Wednesday, January 2, 2013

Tough action

Hong Kong has tried for decades to reduce the constant smog smothering one of the world’s most populated cities. Now a new initiative will ban the dirtiest diesel vehicles from the city limits while offering companies financial incentives for modernizing their delivery fleets.
The main factor for pollution is the more than 120,000 diesel-powered heavy vehicles, including delivery trucks and buses that operate in the city limits. Around 40% of these vehicles are older diesel models that comply with the Euro II model, emitting more than 12x the emissions that more modern diesel vehicles complying with the Euro V standard do.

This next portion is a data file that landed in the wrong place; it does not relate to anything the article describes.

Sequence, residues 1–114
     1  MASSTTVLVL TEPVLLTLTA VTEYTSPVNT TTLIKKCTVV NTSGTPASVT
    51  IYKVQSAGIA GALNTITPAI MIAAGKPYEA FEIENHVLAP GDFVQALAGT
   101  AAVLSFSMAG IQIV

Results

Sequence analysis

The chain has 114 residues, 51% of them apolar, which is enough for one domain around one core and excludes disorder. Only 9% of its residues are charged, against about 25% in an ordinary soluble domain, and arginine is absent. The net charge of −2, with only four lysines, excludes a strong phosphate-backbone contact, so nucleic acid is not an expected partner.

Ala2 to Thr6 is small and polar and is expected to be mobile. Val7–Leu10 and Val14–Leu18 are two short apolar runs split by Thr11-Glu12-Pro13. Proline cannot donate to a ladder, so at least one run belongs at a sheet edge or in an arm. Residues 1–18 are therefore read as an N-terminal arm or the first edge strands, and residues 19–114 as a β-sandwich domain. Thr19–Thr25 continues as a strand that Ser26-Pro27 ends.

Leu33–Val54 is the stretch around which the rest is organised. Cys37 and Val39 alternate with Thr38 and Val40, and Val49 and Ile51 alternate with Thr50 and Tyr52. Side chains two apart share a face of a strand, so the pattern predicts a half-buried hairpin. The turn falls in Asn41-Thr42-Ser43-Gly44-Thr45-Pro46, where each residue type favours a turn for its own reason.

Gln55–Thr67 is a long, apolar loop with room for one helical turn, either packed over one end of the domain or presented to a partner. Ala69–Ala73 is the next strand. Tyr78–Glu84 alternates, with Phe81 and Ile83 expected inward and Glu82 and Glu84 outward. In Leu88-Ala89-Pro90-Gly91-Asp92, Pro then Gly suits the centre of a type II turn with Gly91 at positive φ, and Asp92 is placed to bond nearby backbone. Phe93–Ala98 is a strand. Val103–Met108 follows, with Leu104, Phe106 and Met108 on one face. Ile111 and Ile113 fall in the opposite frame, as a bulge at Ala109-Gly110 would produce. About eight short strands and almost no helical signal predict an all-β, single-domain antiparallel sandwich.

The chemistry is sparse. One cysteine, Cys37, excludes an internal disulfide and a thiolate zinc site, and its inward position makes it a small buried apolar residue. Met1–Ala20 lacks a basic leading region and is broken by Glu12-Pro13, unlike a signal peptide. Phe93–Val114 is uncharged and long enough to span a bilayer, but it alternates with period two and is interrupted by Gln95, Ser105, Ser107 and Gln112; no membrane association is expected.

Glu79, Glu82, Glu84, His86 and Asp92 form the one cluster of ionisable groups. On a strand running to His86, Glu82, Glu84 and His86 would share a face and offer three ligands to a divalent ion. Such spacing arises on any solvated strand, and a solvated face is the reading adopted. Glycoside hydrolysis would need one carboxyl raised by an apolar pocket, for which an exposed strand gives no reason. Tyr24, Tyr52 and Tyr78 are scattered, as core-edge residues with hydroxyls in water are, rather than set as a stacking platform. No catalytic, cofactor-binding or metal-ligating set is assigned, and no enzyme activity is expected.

Hong Kong plans to get companies to phase out these older diesel vehicles by offering substantial government subsidies, while banning older diesel vehicles from operating in the city limits, says a Bloomberg report. City leaders hope that threat of banning businesses from operating their fleets in Hong Kong proper, along with generous subsidies, will lead to a cleaner, greener fleet of modern diesel vehicles. Other cities, including Paris, France and London, England have experimented with ways of reducing urban congestion and pollution. While London enacted a congestion charge for downtown that exempts EV and plug-in hybrid vehicles, Paris has talked about banning older, larger, and dirtier vehicles from the city limits, though without the draconian efficiency of Hong Kong. Will Hong Kong show the way?

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